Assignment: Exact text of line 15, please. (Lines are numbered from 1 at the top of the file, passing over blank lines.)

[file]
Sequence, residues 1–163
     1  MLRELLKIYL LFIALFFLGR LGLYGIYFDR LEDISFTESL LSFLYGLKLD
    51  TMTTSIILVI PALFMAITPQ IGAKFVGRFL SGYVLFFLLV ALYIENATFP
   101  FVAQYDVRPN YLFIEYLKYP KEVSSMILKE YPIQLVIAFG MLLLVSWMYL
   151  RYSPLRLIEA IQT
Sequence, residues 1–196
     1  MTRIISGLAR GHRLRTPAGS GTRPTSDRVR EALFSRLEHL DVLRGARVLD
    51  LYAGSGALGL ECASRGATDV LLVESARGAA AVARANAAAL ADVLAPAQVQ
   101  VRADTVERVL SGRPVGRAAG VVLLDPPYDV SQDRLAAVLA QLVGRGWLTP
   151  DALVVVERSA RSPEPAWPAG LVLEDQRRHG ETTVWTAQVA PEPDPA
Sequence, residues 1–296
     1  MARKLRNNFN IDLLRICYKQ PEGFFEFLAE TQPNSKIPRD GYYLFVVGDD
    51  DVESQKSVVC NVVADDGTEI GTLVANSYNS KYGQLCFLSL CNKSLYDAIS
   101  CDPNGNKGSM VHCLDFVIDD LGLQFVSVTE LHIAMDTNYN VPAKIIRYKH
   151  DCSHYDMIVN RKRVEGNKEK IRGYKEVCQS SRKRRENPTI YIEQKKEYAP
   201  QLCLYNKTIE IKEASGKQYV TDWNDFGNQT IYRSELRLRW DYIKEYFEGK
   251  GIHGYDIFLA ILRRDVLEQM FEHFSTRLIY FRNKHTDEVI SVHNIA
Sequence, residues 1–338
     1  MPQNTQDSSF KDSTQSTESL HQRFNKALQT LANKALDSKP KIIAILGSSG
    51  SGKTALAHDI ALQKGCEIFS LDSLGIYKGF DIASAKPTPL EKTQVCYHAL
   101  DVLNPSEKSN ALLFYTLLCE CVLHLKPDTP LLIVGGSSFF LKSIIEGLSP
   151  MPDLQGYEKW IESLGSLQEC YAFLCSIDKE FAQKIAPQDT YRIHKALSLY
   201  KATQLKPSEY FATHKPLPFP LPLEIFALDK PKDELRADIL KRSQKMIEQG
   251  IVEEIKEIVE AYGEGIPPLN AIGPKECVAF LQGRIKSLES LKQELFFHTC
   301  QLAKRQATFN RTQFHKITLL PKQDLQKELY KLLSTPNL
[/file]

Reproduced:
   151  DCSHYDMIVN RKRVEGNKEK IRGYKEVCQS SRKRRENPTI YIEQKKEYAP